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Jonathan Franzen in 2006
Jonathan Franzen in 2006

Interview

Jonathan Franzen on fiction, fame and Freedom Add to ...

In the realm of what he calls "the digital junk stream," American writer Jonathan Franzen, 51, is still best known for dissing Oprah Winfrey's book club almost a decade ago, leading the great tastemaker to cancel a planned television appearance in which Franzen had hoped to promote his third novel, The Corrections. Despite that, the novel went on to sell almost three million copies around the world and to establish its author as a major literary voice.

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These days, there is virtually no resistance being offered to Freedom, Franzen's follow-up novel, to be published in Canada on Sept. 4. Another hilarious, heartbreaking family saga, Freedom chronicles the bumpy career of a picture-perfect Midwestern family as it descends from its wholesome middle-class existence into a maelstrom of confusion. The novel is populated by a Rabelaisian cast of characters, including shady defence contractors, billionaire coal miners, a has-been rock star and a slew of ungrateful children.

Greeted by rapturous reviews south of the border, Freedom instantly became the must-read novel of the year when Time magazine put Franzen on its cover this week, describing him simply as "Great American Novelist."

The Globe's John Barber interviewed Franzen, who also keeps a place on New York's Upper East Side, by telephone from the author's home in Santa Cruz, Calif.

I've never interviewed anyone the week they're on the cover of Time magazine.

Well, I'll try to make it as easy as possible.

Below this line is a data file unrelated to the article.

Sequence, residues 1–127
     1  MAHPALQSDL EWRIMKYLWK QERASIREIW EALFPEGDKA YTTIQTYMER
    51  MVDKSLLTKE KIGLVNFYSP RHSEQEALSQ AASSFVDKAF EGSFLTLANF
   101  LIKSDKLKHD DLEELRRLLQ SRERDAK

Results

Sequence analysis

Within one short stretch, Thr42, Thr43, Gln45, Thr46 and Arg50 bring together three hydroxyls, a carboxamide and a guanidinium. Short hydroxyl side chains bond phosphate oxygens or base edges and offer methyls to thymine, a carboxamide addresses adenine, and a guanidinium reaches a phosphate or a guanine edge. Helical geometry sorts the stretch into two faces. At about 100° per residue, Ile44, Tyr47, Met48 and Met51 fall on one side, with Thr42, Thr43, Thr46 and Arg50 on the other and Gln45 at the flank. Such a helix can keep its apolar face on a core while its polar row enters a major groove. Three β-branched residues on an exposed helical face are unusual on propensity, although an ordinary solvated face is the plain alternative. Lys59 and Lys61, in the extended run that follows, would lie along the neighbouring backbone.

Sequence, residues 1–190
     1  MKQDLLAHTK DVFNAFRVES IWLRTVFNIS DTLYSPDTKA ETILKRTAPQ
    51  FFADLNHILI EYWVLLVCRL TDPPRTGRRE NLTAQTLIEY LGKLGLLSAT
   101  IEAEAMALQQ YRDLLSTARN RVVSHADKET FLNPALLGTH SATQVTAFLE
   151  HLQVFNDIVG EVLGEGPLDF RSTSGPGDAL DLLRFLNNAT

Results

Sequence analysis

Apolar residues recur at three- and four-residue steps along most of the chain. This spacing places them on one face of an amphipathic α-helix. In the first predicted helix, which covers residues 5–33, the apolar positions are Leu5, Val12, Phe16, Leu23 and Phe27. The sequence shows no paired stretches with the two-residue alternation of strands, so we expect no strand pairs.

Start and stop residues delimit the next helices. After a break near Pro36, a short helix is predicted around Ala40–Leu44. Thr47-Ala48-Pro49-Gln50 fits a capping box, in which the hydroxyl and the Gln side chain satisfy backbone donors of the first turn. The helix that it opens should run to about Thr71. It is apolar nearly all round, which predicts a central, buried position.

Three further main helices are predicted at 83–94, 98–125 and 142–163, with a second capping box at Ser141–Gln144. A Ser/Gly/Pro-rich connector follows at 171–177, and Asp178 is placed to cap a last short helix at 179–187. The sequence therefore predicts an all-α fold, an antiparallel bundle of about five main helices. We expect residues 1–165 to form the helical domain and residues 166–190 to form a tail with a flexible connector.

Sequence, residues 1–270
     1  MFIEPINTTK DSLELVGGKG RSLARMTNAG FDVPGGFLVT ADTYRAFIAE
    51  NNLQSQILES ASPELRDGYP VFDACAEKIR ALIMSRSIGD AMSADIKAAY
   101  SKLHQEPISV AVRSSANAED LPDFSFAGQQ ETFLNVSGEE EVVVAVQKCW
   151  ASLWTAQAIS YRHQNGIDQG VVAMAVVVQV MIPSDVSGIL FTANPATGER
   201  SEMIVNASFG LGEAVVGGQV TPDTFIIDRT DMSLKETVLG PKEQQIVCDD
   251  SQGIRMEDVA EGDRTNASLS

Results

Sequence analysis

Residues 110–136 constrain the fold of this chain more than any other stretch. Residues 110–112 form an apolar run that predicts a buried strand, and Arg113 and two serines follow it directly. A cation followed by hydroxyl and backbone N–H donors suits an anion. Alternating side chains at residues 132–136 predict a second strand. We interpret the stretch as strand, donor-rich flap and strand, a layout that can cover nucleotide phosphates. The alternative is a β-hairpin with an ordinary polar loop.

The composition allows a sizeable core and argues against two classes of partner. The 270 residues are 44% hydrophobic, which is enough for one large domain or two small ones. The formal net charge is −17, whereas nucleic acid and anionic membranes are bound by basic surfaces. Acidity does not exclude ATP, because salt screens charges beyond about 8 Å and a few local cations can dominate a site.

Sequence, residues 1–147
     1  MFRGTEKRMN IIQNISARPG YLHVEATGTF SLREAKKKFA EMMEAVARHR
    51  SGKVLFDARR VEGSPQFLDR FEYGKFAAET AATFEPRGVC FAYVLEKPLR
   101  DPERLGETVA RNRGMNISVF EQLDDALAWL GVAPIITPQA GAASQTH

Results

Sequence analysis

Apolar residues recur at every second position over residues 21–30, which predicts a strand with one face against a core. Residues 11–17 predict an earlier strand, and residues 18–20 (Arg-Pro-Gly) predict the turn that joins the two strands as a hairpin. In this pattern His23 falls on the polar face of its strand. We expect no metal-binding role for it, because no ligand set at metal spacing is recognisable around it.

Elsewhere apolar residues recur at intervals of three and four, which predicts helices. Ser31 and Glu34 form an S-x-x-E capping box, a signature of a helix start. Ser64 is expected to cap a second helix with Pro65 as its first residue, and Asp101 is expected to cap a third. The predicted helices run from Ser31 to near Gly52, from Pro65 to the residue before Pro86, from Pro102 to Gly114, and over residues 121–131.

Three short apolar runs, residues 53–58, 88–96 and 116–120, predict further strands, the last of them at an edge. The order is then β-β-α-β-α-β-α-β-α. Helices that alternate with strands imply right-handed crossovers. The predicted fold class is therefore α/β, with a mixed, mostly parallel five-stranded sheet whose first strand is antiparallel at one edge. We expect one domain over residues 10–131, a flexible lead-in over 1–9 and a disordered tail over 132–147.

How does it feel?

It feels all right. It doesn't feel as good as even a minor breakthrough in the work. Everyone says, 'It must be so exciting.' To begin with, I don't know where 'exciting' got a positive connotation. Beyond that, to the extent it means people are out there enjoying the book, it's very gratifying.

A lot of novelists don't expect to have readers. Now, you have the world at your feet. Does that change anything for you?

It's always an uphill struggle to get a book written, and to have a motive force behind me - in the form of the expectation of readers to get another book that they'll enjoy - means a lot on many mornings. There's a pressure that comes with that and pushes in the other direction and can shut you down. But on balance, it's a good thing.

What's different about Freedom?

I feel I'm offering something more directly from my life. I'm offering an exposure of things inside me in the hope they might correspond to things inside other people. There were plenty of risks like that taken in The Corrections, but I was more defended. I was more defended by anger and a certain kind of aggressive comedy, and it became necessary to let go of those things to get this book written.

This book is comedy. It even has a happy ending.I think in classical comedy, no principals can die. So to that extent it's not a comedy. But I believe in laughter. There's so much to be upset about in the world, I feel an obligation from time to time to have the final note in a book not be a despairing one. Or an ironic one. To actually maintain the possibility of some kind of hope.

So have you exorcised your old misanthropic ghosts in writing this?

I don't think I've exorcised anything - perhaps exercised something. Like many people who have a particular sympathy for the environment and for other species we share the planet with, I do have my days of raging misanthropy. They don't go away. That streak is still in me, but it's not the whole me. Some people say you're an elitist, whereas others accuse you of being populist because you write readable novels. Does that strike you as dissonant?

I try not to read things about myself, but word gets back nonetheless. It's only a slight exaggeration to say I would feel I'm doing something wrong if I weren't getting contrary responses. I'm a Midwesterner, I come from the middle - and rather uncomfortably so, I might add.

But part of my understanding of the Midwest I grew out of was that the door was open to everybody. In college, I got a taste for pretty hard-core literature, so that's a door I want to keep open. But as a casual reader, I don't like unnecessary difficulty. I think it's unfriendly to readers who have spent money and bought the book to torture them unnecessarily.

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